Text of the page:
In my case, I generally don’t think I do want to get in touch with many more people from my past. All the friends I wouldn’t want to lose, I’m still in touch with; I still see them at least every year or so. The rest of my schoolfriends, to be honest, I don’t particularly care about. It might sound harsh, but it’s true. If I’d wanted to stay in touch with them, I could have done.

I’m thinking about this now, because yesterday afternoon I was sitting in a pub, having a bit of a munch with a few friends, when some random people start pushing their car into the car park. They come into the pub, and idle time away by the bar waiting for the AA to arrive. I glance at them and don’t think anything of it; but then, listening in, I suddenly recognise one of their voices. I sneak another look: it’s someone I knew fairly well at school.

I hesitated for a moment. But I didn’t particularly want to talk to him. I last saw him ten years ago, and have barely thought about him since. I didn’t want to tell him how my life is going now, what I’ve been up to, who these friends I’m with are, how I know them.

I looked up for a moment, and caught him looking at me, as if he was trying to place where he’d seen me before. I turned back to my friends, and back to the conversation.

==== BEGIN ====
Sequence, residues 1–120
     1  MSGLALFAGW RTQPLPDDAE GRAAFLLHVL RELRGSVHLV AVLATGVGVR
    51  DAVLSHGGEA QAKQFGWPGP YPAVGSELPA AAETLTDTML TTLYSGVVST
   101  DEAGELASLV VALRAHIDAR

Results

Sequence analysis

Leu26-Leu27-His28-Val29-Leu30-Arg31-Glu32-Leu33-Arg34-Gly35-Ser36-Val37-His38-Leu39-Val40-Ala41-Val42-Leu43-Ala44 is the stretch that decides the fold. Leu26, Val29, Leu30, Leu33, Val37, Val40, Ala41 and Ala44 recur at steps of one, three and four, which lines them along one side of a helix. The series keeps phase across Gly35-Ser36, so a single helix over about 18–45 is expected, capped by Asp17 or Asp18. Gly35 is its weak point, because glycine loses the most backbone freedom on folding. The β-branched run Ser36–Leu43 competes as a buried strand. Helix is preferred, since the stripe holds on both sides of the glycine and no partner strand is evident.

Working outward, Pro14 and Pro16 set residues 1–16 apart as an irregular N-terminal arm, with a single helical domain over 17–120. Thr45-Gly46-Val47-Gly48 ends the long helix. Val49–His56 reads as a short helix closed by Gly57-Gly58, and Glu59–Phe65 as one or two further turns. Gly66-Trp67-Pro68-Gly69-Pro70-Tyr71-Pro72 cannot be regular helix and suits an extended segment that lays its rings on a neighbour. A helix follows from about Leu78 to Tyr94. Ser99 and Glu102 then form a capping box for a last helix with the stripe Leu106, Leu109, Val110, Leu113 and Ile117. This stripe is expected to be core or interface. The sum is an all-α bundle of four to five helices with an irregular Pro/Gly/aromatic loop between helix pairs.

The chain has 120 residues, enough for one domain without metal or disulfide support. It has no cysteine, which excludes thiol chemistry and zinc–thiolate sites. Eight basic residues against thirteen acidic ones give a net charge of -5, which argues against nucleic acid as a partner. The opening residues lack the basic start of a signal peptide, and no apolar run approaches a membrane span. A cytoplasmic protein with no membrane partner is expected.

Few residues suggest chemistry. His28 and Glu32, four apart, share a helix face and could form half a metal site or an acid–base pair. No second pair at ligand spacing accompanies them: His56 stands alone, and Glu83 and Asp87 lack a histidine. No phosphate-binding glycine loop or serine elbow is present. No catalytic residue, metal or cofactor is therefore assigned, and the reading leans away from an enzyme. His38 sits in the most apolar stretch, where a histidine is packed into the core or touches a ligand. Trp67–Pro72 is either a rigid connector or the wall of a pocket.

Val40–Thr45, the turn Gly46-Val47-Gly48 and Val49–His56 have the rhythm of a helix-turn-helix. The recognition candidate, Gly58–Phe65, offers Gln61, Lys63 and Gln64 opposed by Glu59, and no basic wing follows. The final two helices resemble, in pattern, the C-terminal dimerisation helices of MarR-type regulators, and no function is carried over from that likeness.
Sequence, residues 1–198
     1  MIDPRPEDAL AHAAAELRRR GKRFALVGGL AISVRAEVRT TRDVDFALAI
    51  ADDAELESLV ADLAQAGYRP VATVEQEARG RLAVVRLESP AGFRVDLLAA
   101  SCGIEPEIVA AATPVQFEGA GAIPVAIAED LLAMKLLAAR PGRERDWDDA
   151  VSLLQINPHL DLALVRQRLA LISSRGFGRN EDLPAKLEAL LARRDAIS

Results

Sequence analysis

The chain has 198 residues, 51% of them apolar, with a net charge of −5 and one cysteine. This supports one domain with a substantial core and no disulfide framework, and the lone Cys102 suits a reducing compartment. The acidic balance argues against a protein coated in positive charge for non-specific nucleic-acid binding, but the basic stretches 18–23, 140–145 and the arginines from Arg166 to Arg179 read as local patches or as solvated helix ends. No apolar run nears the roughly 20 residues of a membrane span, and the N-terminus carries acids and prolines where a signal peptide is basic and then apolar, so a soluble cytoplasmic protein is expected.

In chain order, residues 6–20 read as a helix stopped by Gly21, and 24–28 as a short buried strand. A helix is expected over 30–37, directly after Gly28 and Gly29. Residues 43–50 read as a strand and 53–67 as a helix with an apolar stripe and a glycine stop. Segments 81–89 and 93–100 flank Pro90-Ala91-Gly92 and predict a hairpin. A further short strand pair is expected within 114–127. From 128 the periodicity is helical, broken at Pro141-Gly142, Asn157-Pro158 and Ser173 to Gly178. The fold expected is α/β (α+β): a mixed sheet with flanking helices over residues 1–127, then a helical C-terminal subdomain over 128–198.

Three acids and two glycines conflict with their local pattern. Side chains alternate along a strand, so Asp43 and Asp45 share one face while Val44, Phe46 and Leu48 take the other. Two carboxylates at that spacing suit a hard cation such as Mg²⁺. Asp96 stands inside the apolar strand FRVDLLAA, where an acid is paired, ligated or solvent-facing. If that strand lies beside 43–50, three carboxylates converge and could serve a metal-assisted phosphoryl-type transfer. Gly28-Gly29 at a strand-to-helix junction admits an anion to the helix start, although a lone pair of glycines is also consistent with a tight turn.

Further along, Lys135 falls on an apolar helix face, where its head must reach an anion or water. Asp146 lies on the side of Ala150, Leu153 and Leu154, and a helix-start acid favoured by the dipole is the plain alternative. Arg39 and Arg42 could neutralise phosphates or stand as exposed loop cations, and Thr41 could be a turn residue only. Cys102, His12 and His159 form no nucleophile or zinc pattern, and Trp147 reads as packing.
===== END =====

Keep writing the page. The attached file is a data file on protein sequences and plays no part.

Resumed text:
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The long arm of coincidence

In which something obscure keeps popping up


Have you ever noticed that sometimes one little thing seems to be popping up all over the place?

Earlier today, browsing the interweb, I read a short Freaky Trigger item about Uncle, a series of children’s books from the 1960s that I’d never ever heard of before. Which is a shame, because – according to this Economist article about them* – they sounded to be exactly the sort of children’s books that I’d have loved if I had known about them when they were still in print.

So then, later on, I’m browsing an internet dating site,** and reading the profile of an attractive-looking person. And, what do they list among the 100 things they couldn’t live without? The Uncle books, of course.

I’m on the lookout now. The slightest mention of J P Martin’s Uncle books anywhere, and I’m going to jump up and shout: “Aha! A third coincidence!” before running off to my nearest second-hand bookstore*** to search frantically for copies. Because they must be significant somehow. Right?

* I have to say, the Economist isn’t my usual reading.

** Don’t laugh. And, no, I’m not telling you which one, because I don’t want you lot finding my ad.

*** As the nearest one I can think of quickly is about 40 miles away, this might take a while. I might not run all the way there.